If you sell products – this post is important to you.
Most physical stores and many online stores, and specifically Amazon, require UPC codes for products listed for sale.
This post is about how to buy UPC Codes without overspending or creating issues by buying from the wrong source. You must avoid fakes!
If you are introducing new products to the market, you are eventually going to need to buy a UPC code for each item if you want to sell at Amazon, on Shopping Comparison sites or in stores.
UPC Barcodes for Amazon
This means any seller registered with Amazon’s Brand Program, without a barcode Prefix directly rented from GS1 will not be able to list their products.
So, essentially, Amazon is forcing you as a seller to pay for expensive UPC codes from GS1 and pay annual fees for the lifetime of your company and product.
Fortunately, if you have not registered for Amazon’s Brand Program (which is the most common case for Amazon Sellers), you will be able to use Barcodes from resellers without issue and save money at the same time.
Buying UPC Codes from GS1
This system is only required by specific retailers and under specific circumstances.
You should ask whoever you plan on adding your product to if this is something required.
For the majority, this may not be needed and you could save money buying from a reseller.
Here’s a list that we know so far:
|GS1 Rental Required:||May require|
The Official GS1US site makes this claim:
“There’s only one U.P.C. barcode that’s accepted by retailers everywhere. And it’s only available from GS1 US.” ~ That is not entirely true ~
All sites besides GS1US.org are resellers and the numbers they sell you are registered to the original prefix owners prior to 2002.
Resellers exist due to GS1/UCC’s class action lawsuit & their settlement in 2002. More on this here: (GS1/UCC Settlement). Their UPC numbers originate from GS1-US (Previously UCC “Uniform Code Council”) before 2002, this is how they can legally sell them.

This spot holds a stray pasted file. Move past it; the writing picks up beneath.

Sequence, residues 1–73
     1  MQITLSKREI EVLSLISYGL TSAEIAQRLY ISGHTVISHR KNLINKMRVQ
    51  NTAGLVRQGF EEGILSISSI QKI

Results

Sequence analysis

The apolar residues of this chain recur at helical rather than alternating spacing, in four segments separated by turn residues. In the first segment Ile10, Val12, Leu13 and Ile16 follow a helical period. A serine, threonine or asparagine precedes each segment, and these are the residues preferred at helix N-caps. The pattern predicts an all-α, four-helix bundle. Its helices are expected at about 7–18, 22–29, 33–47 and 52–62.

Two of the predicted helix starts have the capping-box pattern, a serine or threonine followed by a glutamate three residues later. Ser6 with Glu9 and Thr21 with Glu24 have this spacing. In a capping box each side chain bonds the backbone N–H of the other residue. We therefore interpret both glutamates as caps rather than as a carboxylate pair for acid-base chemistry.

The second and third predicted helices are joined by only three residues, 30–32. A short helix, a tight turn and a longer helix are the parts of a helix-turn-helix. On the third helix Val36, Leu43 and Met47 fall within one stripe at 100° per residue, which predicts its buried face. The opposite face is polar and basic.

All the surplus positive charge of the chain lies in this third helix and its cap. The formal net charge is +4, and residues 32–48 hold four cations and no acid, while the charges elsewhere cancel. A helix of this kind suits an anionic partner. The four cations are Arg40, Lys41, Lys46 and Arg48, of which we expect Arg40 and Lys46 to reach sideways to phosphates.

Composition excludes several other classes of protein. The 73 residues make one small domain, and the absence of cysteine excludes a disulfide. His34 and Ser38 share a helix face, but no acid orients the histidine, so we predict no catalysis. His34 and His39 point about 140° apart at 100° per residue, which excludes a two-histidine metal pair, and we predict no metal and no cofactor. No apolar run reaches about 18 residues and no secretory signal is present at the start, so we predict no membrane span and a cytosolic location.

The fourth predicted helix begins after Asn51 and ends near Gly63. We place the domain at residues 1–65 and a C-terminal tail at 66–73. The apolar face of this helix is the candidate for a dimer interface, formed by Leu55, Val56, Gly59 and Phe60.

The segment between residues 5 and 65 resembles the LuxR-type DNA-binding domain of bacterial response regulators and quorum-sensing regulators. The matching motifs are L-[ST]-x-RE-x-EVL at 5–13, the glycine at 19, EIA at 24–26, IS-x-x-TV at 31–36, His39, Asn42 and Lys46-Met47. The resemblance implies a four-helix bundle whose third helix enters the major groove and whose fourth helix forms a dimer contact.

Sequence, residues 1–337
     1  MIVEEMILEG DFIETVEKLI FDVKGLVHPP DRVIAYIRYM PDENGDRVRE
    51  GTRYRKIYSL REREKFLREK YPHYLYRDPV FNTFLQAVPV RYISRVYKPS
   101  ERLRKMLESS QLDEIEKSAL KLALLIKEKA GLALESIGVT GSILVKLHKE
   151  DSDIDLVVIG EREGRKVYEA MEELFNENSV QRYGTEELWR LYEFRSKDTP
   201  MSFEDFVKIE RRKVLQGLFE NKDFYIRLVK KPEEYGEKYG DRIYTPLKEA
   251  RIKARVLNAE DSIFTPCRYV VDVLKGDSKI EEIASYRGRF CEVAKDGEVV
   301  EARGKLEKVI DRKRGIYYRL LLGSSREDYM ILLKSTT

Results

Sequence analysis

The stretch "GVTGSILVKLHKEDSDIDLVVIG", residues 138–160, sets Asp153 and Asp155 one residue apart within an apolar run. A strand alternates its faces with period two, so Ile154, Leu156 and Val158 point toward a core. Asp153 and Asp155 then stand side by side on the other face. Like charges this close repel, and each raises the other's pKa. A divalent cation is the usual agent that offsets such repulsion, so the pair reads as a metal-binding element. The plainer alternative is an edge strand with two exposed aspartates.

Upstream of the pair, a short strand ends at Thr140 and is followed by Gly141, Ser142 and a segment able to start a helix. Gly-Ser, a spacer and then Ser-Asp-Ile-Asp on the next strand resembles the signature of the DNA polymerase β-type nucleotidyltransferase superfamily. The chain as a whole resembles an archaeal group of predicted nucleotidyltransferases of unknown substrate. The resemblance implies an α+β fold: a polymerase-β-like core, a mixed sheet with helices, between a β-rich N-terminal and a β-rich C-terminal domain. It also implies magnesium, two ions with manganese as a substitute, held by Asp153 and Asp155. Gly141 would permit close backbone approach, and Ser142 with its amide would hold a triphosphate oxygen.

Buying UPC Codes from a Reseller
When sourcing a UPC Reseller to buy from, there are certain things to be on the lookout for to make sure you are getting a legitimate product.
We recommend Bar Codes Talk as they seem the most legitimate and offer both a 115% Lowest Price Guarantee and Works for Amazon Guarantee. They also provide immediate digital delivery of barcodes
Here are some tips when buying from a reseller. A reseller:
- Must be selling barcodes that come from a prefix obtained from the UCC (Now known as GS1-US) prior to the 2002 UCC Class Action Lawsuit.
- Selling UPC/EANs at “Too good to be true” prices, much less than most other resellers, is selling fakes!
- Should not have been in trouble with state or federal licensing, regulatory, and or law enforcement for any reason, most especially not selling illegitimate barcode numbers, or price-fixing. Example: Federal Trade Commission – Two Barcode Resellers Settle FTC Charges
- Is a government registered verifiable business (No fly by night companies).
- Must have a phone number, address, and email contact information.
- Has a website and is not selling only on eBay or any other “auction” website.
Once you purchase from a reseller, you should receive a list of the UPC Numbers that have been assigned to you.
Registering the numbers to your products is easy (see video below):
And then you will just need to provide these barcodes to whichever store you are working with or enter them in the UPC text box on Amazon when adding a new product.
If you sell handmade goods or collectibles that do not have UPCs and are unique (one of a kind) follow this UPC advice from SingleFeed:
“Do your best to include these unique identifiers in your product feed, but do not make these numbers up. If you’re selling handmade goods, you will not have MPNs or UPCs. That’s actually ok. If you’re buying your inventory from a distributor/supplier and that product has a real manufacturer, though, you can get MPNs and UPCs. It’s going to take work as not all distributors/suppliers are used to giving out this information, but you have to keep on them to do so.”
This UPC issue is going to affect resellers and merchants on a growing number of channels including Amazon and Google.
- Understanding Barcodes & Where To Buy Them In 2020
- The Ultimate Guide to Barcodes [includes What is a Barcode and different types]
- How to register your barcodes
- Where to buy legitimate bar codes: Bar Codes Talk
- Lose your UPC number? Try UPC Search by product name.
NOTE: Content originally written by Gail Gardner and published 5/13/10. Updated 6/11/20 with current information and to add video. This post may contain affiliate links and if you purchase through one of them I may receive a small commission which does not affect the price you pay.
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